And then you send them an email with links to that I just gave you. And I will be shocked if some of you don’t make it onto your local news, then you send out an email to your people about the same thing, where you say, “Hey, if you’re locked down, you’re not feeling so happy these days, and you’re suffering from sexual dysfunction or depression. I have some ways that I might be able to help you.”

So okay, beautiful. I just got a link that… Here let’s see if I got a text that George is on the call and must be signed in under someone else’s name. I don’t see his name. Hey, George, if you could raise your hand or something so I can identify you, I think it must be on someone else’s computer or something. So that I can unmute you because people want to hear your story.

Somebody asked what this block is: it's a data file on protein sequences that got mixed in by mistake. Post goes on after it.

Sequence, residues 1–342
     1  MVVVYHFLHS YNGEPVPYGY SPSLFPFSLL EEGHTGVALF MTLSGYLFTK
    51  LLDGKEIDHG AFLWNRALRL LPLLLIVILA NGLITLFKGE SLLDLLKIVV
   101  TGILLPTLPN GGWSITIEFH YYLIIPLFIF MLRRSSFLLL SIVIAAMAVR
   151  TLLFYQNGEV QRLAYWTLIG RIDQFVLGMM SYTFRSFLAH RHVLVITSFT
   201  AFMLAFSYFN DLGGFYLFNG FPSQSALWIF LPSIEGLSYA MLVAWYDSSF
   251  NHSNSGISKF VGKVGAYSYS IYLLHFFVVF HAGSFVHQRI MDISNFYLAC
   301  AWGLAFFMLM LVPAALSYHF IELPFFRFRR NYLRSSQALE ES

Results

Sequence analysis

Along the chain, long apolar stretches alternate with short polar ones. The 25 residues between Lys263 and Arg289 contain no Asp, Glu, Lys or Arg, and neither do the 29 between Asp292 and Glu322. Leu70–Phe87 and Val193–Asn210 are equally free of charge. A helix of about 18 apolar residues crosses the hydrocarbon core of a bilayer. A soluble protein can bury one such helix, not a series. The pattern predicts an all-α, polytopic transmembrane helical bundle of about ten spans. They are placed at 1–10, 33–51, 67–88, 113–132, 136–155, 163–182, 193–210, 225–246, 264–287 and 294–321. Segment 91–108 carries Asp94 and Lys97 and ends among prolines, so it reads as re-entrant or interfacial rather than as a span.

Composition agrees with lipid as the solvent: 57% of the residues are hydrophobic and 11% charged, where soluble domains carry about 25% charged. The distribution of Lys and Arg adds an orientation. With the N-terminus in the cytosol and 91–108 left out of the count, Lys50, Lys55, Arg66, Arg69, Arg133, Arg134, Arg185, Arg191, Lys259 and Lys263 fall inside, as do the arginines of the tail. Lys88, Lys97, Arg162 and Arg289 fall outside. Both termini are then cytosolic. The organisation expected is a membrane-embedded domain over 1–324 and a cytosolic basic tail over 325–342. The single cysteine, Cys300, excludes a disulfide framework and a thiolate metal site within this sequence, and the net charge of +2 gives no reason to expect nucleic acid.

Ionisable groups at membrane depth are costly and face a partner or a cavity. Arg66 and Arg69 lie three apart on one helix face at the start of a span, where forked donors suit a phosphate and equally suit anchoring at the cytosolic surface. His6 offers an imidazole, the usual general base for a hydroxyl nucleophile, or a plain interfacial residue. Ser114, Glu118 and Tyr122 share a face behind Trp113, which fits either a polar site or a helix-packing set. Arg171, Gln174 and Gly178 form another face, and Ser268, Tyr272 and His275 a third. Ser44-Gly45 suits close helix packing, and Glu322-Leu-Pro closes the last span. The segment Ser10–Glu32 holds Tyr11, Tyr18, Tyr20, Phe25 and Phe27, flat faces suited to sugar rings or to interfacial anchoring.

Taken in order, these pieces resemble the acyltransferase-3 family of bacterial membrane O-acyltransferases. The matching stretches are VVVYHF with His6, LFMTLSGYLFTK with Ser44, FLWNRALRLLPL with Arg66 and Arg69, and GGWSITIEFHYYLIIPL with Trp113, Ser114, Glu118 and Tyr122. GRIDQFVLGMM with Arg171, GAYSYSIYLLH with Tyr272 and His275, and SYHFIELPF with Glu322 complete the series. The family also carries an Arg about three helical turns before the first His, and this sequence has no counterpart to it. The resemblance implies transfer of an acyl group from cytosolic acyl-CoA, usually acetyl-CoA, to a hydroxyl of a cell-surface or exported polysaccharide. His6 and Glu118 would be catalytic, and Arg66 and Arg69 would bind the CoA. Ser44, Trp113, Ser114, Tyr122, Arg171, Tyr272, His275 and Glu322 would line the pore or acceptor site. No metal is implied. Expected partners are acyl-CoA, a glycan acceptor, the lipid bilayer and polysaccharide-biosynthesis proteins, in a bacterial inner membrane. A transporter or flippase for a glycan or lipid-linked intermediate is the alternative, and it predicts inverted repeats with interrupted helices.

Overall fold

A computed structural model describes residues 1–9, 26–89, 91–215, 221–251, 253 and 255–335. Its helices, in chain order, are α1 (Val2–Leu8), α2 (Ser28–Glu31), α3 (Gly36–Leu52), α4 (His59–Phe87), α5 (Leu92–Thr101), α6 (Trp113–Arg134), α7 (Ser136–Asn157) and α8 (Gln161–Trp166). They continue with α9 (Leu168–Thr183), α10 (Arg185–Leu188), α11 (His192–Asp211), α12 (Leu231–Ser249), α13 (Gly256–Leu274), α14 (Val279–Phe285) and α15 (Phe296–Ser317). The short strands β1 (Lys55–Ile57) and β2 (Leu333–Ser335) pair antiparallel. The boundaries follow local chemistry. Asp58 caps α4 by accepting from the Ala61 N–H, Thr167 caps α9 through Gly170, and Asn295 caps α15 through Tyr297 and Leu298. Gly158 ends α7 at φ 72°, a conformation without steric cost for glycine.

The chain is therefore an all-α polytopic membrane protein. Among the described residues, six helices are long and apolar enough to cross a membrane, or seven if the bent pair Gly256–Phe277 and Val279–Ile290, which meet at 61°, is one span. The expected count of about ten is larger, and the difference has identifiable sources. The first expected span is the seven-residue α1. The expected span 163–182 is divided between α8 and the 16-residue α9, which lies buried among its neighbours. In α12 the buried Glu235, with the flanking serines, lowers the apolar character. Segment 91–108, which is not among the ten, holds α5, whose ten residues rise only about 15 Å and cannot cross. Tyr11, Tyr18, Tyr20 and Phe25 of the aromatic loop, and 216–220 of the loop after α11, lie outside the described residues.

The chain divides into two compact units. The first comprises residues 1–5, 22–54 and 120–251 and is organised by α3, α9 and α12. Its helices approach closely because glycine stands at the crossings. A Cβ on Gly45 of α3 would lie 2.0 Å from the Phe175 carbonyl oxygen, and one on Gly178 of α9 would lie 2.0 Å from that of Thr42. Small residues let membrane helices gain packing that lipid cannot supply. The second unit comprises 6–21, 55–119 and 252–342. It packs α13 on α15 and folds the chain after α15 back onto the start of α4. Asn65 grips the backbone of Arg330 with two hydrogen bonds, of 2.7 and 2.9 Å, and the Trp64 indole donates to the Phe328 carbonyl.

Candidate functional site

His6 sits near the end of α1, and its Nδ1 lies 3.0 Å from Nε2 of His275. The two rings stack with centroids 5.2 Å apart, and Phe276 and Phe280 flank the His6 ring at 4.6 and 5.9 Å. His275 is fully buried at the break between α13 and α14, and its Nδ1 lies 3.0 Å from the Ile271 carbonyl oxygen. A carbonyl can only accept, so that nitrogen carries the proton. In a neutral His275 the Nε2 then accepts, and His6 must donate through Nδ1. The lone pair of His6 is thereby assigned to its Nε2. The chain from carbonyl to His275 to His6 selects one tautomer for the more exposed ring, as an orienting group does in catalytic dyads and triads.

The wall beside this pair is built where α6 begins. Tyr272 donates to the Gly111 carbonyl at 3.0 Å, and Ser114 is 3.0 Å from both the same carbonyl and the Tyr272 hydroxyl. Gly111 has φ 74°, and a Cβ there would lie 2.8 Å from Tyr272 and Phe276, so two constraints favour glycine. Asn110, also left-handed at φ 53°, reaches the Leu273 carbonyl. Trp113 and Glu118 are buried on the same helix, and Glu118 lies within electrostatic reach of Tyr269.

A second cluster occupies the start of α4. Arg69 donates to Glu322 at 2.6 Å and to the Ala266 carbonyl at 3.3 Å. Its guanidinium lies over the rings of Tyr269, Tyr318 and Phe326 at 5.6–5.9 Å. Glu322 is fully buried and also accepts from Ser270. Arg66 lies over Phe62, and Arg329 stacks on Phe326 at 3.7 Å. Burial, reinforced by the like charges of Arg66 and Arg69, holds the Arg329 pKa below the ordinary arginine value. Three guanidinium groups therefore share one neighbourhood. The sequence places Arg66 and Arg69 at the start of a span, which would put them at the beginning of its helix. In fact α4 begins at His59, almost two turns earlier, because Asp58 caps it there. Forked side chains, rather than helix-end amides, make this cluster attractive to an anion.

Okay, let’s see if I can find him. He is supposedly on this call. Let’s see if I can find him. George survived, his businesses survived, and he survived the freaking ventilator. Give me a second. Let me figure it out. Let’s see if I can figure out where he is. I’m just going to call him. Sometimes the freaking… I’ll call his wife. He’s got a brilliant wife who runs his office there, and I’ll bet she will answer the cell phone. Here we go. And she will know where he is.
Nicole:
Dr. Charles, [inaudible 00:09:45].
Dr. Charles Runels:
Hey Nicole, I don’t see George on the call. Is he on the call?
Nicole:
Yes [inaudible 00:09:50], just hold on one second, please.
Dr. Charles Runels:
Hey, Nicole, let’s just do this, can you just hand him your… you guys, I have the phone on speaker so you can just hand the phone to him, and we can do it this way-

Dr. George Liakeas’ Tips on Surviving COVID–physically and financially

Dr. George Liakeas:

Can you hear me?
Dr. Charles Runels: